Check your detectors

Prevent a tragedy with home alarm and detector know-how

Home is more than just walls and pipes and ducts — and even more than all your prized possessions inside it. It’s the people you love.

That’s why it’s important to go the extra mile when it comes to home safety. And not just fire safety. From smoke alarms to radon and carbon monoxide detectors, here’s what you need to know to keep the best things in your life protected.

Carbon monoxide (CO) and radon

You can’t see it. You can’t smell it. But it can kill you. Knowing the facts about carbon monoxide and radon — two odorless, colorless gases — can save you and your family from tragedy.

Carbon monoxide facts

Carbon monoxide is a byproduct of most fuels. The Centers for Disease Control and Prevention (CDC) reports that more than 400 Americans die from unintentional CO poisoning not linked to fires each year. Another 20,000 visit the emergency room for carbon monoxide exposure.

The CDC recommends the following to prevent CO poisoning:

  • Detect it. A battery-operated or battery backup CO detector in your home should be placed near your sleeping area so it will wake you if a problem arises. A digital readout CO detector is best because it will tell you the highest level of CO concentration in your home.
  • Replace it. If it’s older than five years, get a new one.
  • Check it. Your heating and water systems, as well as any gas, oil, or coal-burning appliances in your home, should be serviced by a quality technician every year. The CDC recommends having your chimney inspected and cleaned once a year and to make sure all gas appliances are properly vented.
  • Be mindful. Never patch a vent pipe, use a gas range or oven for heating, burn charcoal indoors, use portable gas camp stoves indoors, or use a generator inside your home, basement, or garage fewer than 20 feet from any window, door, or vent.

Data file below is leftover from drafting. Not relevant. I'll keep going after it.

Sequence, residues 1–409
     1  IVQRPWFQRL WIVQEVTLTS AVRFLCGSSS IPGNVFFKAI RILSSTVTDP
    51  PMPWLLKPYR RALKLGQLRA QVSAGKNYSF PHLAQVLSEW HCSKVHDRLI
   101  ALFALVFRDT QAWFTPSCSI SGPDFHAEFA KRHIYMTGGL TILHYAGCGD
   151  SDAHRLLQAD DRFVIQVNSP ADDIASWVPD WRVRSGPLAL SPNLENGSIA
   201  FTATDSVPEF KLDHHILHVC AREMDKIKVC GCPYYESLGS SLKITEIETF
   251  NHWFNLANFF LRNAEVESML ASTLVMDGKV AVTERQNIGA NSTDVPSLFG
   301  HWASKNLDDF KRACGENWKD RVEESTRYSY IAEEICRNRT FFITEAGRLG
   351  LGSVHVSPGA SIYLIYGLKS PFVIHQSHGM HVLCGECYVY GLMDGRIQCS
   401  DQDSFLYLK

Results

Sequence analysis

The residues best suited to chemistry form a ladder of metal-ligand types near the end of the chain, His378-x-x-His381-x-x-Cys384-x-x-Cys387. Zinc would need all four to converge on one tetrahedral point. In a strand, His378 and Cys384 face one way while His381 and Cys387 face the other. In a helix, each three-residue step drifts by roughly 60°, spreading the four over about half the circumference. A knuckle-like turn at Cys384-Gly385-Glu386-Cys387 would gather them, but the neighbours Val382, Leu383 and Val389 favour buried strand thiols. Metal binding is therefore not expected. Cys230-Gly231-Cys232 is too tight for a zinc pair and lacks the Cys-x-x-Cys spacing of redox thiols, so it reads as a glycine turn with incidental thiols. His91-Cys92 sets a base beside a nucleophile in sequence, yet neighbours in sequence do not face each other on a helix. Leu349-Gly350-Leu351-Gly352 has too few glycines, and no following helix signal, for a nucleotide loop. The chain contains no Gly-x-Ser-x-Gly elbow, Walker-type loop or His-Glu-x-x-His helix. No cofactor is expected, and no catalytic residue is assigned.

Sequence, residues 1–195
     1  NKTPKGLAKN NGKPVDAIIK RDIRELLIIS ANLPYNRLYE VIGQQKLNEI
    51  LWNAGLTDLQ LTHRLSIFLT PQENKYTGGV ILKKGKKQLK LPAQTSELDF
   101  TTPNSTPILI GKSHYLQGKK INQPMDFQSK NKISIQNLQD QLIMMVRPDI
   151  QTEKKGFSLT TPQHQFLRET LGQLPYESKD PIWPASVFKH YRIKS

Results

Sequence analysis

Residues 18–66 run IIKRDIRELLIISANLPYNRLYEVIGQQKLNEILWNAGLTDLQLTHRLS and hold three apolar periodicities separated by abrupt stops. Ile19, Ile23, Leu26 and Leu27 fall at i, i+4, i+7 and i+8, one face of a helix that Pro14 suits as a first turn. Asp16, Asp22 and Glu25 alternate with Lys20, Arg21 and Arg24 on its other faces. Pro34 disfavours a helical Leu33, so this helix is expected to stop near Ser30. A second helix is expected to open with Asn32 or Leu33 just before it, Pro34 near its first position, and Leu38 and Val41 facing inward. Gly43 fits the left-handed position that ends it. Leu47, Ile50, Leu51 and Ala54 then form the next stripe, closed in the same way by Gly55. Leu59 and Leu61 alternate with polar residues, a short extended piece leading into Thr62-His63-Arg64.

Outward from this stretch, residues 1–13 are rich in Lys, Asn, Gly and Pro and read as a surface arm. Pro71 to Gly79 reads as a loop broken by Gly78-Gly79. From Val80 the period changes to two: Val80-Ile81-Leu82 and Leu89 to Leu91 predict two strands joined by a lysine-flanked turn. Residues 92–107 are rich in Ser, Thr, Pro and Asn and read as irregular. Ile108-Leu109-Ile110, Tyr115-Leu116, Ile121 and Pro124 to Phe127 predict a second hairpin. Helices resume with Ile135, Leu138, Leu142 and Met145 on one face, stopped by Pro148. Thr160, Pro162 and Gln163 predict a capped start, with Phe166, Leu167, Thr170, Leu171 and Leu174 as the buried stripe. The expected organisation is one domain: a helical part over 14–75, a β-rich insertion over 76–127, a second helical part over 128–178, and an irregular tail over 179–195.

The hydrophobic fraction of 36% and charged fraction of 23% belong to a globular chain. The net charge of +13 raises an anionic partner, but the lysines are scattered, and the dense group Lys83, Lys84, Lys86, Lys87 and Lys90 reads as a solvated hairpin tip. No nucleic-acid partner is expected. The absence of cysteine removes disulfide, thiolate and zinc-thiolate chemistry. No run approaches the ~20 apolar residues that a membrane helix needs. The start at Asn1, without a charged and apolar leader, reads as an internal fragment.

• Know the symptoms. Common signs of CO poisoning include headache, dizziness, weakness, nausea, vomiting, chest pain, and confusion. In other words, it may feel like the flu. Breathing in copious amounts of CO can make you pass out or even kill you. Everyone is at risk, but infants, the elderly, and people with compromised immune systems are most vulnerable.

Keep in mind that CO poisoning can happen in any closed space, including your vehicle and garage. It’s a good idea to have a mechanic give your exhaust system a once-over every year, because even a small leak can lead to CO build up inside of the vehicle. Never run your car or truck inside a garage that is attached to a house, even if the garage door is open. If you have a detached garage, make sure the door is open when you’re running your vehicle.

Radon facts

Radon is an odorless, invisible radioactive gas that often goes undetected in a home. According to the United States Environmental Protection Agency (EPA), radon is the second leading cause of lung cancer, and leads the pack among non-smokers — it’s single-handedly responsible for more than 20,000 lung cancers deaths every year.

Although radon is in the air we breathe — both indoors and outdoors — you can avoid overexposure with the following recommendations from the EPA:.